Man working on computer; medical publishing concept

Medical Publishing: How the Right Tools Maximize Your Deliverable’s Reach

At the time of writing, Regeneron was hiring a director of immuno-oncology publications management. The ad for that job underscores how complex medical publishing work is. It includes:

  • Leading a cross-functional team in planning, executing, and securing approvals for published work.
  • Managing vendors and contract writers.
  • Ensuring everyone hits their overlapping deadlines.

This isn’t surprising to anyone in medical affairs today. Their work has evolved from support function to strategic pillars in life sciences companies, and publishing has consequently taken on a higher degree of importance — and complexity.

Even in small teams with one or two publications in the pipeline, the work of planning a publication, executing the deliverable, and seeing it through the peer review and approval processes require extensive project management.

Medical publishing isn’t work that can be done with spreadsheets or manual publication management tools. Not if you want to maximize the impact of your team’s research.

Let’s explore why digital publication management tools are indispensable tools for medical affairs teams today.

Data-Driven Strategic Planning

An important early step in medical publishing is understanding how and where to present that research — at a conference, in a peer-reviewed journal, or as a poster. Part of planning is defining the best audience for your research.

That’s why Anju’s Pubstrat MAX integrates with Journal Selector and Conference Authority, the industry’s most robust and comprehensive databases. Having that knowledge at your fingertips gives medical affairs teams the best visibility into what would be the most appropriate venue for their work. They can then manage projects in accordance with conference deadlines or journal lead times.

With the options in front of you, your team can assess areas, such as the impact factors of one journal over another. The team at Wiley notes that different journals have different definitions of what an impact factor is, so it’s important for your team to have a shared dashboard for making apples-to-apples comparisons across publications.

Alternative metrics, or “altmetrics,” help with that. “At a basic level, article usage data (downloads, views, etc.) give you an idea of the online traffic a journal receives,” the Wiley team writes.

“More importantly, altmetric data show a paper’s coverage in the mainstream media and blogs, how many times it is tweeted about, or how many ‘likes’ it gathers on Facebook. Journals like Annals of Neurology actively track and share altmetric data, and if you are considering such a journal, checking the altmetric score of a published paper relatively similar to yours in that journal can indicate the kind of engagement you can expect if you publish in this journal.”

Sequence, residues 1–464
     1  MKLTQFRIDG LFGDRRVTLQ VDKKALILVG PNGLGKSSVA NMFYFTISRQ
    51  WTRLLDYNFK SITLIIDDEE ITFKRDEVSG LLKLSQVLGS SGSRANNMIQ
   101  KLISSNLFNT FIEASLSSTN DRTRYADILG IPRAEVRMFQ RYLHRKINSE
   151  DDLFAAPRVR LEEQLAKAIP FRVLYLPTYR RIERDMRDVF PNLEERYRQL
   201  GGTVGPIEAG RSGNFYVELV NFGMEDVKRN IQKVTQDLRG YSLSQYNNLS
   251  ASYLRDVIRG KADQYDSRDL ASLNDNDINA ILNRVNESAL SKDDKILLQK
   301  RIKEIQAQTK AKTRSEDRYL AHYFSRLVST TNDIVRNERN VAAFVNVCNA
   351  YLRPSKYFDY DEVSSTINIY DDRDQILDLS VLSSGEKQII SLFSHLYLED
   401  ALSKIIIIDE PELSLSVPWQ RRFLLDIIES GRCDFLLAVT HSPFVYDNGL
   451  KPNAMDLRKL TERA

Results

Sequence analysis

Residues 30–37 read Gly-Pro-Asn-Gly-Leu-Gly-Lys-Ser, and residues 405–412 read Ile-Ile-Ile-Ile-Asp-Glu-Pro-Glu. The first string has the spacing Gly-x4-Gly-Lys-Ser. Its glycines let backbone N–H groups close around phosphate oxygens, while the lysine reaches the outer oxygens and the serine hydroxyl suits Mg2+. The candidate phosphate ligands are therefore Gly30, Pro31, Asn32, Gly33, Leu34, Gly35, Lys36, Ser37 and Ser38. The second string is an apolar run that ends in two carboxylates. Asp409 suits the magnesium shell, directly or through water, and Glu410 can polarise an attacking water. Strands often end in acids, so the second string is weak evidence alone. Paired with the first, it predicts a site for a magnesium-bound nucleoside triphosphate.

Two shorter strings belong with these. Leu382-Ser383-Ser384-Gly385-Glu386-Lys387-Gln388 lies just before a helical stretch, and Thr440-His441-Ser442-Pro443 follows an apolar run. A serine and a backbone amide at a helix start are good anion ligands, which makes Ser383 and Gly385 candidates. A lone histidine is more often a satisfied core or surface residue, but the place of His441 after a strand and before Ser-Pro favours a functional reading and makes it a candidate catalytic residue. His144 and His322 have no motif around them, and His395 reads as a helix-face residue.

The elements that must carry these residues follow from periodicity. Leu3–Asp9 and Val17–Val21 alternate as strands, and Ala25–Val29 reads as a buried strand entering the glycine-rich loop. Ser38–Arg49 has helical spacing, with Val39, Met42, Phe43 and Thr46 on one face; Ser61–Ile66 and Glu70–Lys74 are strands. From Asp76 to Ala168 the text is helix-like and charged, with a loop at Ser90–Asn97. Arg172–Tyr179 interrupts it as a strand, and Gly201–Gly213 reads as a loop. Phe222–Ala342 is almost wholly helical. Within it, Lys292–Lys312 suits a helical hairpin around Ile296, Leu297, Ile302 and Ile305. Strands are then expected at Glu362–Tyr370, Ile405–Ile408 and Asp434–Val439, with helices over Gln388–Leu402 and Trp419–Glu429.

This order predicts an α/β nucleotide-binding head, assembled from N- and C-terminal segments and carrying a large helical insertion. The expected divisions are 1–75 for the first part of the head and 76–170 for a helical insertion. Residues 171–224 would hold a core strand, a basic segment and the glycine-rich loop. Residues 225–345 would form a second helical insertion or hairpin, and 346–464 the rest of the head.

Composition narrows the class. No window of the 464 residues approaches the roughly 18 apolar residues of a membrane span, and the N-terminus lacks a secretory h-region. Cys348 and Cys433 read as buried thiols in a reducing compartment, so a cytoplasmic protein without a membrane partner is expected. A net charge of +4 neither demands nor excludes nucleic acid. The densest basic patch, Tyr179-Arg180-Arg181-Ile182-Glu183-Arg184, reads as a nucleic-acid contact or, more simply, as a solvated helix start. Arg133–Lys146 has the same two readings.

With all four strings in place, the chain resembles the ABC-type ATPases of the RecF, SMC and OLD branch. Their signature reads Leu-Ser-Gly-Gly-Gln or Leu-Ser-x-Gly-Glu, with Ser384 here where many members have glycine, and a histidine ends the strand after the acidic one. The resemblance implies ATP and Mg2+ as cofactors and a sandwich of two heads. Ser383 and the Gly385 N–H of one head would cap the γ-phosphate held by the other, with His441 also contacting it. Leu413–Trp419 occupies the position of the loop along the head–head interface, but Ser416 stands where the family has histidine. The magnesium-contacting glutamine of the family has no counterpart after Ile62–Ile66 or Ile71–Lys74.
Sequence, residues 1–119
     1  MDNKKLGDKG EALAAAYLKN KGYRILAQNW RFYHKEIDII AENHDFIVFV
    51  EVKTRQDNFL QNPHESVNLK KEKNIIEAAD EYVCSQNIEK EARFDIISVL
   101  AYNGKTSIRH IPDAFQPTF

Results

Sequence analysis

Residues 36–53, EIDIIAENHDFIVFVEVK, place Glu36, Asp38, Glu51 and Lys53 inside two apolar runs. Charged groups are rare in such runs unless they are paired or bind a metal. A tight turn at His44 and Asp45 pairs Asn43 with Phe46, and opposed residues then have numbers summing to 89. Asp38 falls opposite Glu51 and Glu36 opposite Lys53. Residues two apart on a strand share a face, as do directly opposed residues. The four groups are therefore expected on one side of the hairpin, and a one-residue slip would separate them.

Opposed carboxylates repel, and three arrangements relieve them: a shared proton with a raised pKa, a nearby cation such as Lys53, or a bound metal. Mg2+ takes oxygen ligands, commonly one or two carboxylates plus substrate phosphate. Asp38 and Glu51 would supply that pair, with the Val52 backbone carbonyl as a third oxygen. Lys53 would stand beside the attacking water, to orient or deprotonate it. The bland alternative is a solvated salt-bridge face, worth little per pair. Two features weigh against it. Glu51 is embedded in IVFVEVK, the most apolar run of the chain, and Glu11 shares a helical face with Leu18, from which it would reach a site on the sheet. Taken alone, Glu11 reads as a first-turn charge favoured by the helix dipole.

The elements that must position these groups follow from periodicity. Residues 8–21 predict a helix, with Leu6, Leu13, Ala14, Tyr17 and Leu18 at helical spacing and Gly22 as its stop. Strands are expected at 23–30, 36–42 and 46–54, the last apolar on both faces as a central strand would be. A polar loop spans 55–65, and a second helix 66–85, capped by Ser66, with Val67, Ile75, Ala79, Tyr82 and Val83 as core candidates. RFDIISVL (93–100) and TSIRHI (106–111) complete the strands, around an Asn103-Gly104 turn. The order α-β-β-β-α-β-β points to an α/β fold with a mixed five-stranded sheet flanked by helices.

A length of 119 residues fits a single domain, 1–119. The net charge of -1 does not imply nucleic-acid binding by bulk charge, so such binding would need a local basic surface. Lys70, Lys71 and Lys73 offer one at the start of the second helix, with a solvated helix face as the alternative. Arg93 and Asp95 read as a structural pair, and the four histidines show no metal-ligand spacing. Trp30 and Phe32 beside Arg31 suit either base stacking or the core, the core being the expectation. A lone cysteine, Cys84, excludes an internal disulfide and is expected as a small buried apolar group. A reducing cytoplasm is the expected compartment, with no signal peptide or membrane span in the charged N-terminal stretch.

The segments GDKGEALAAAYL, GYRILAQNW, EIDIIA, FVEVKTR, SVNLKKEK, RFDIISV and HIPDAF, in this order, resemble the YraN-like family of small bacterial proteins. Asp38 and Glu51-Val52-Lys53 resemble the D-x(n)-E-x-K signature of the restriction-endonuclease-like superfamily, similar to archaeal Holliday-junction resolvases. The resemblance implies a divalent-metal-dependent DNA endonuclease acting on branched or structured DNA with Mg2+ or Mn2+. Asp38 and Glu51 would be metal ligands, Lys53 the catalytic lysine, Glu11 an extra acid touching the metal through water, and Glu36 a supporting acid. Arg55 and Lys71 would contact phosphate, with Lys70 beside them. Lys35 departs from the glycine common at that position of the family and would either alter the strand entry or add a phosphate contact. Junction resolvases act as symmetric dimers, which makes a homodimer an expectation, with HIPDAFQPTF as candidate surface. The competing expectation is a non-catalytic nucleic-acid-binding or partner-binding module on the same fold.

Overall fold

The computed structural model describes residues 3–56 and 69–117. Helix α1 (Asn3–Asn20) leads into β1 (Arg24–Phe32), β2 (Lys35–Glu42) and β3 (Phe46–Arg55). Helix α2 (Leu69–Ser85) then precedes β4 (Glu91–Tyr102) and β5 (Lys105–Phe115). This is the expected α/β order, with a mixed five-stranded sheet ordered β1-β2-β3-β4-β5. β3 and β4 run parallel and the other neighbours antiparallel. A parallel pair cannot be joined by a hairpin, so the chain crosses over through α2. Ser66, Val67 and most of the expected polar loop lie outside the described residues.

Healthcare professionals in meeting taking notes; medical publishing concept

Tracking and Securing Approvals

Email is an ineffective tool for engaging publication and content managers, reviewers, approvers, and authors. However, email is the tool many medical affairs teams default to.

As a result, teams spend many hours coordinating their communications, addressing comments manually, and reconciling drafts. Streamlining these collaborative channels, ironically, helps everyone focus on the very human aspects of reviewing work, especially in the face of a rejection.

“The goal of the reviewer is to be impartial, but again, we all are individuals, and perhaps most of them are volunteering as well,” Charles Lopresto, resident physician at Jamaica Hospital in New York and chair of the Medical Society of the State of New York’s resident and fellow section, told an AMA forum audience in 2022.

If you get rejected, “have a dialogue with the reviewers and the editor and to understand what was the reason that you were rejected, how could you improve this paper?” Lopresto said. He noted that the goal is to encourage dialogue as much as possible and be persistent about working your way through your list of target publications.

To support that persistence, Pubstrat MAX tracks key performance indicators for each deliverable. Your team will receive project alerts on your dashboard and see real-time analytics for each project as it moves from planning through review and on to published.

Learn More

In 2020, Jackie Raskind, director of medical writing at KPS Life, LLC, made the case for publication management software in the European Medical Writers Association’s journal Medical Writing.

Pubstrat MAX was one of a handful of software solutions she analyzed. The software has come a long way since Raskind reviewed it, but her essential point remains.

“Using a standardised software solution can assure a consistent process, reduce time spent managing the tasks in executing a publication plan, and ensure compliance with industry standards, transparency requirements, and standard operating procedures,” Raskind wrote.

To learn more about how Pubstrat MAX facilitates planning, collaboration, and compliance, have a look at the Pubstrat MAX fact sheet.

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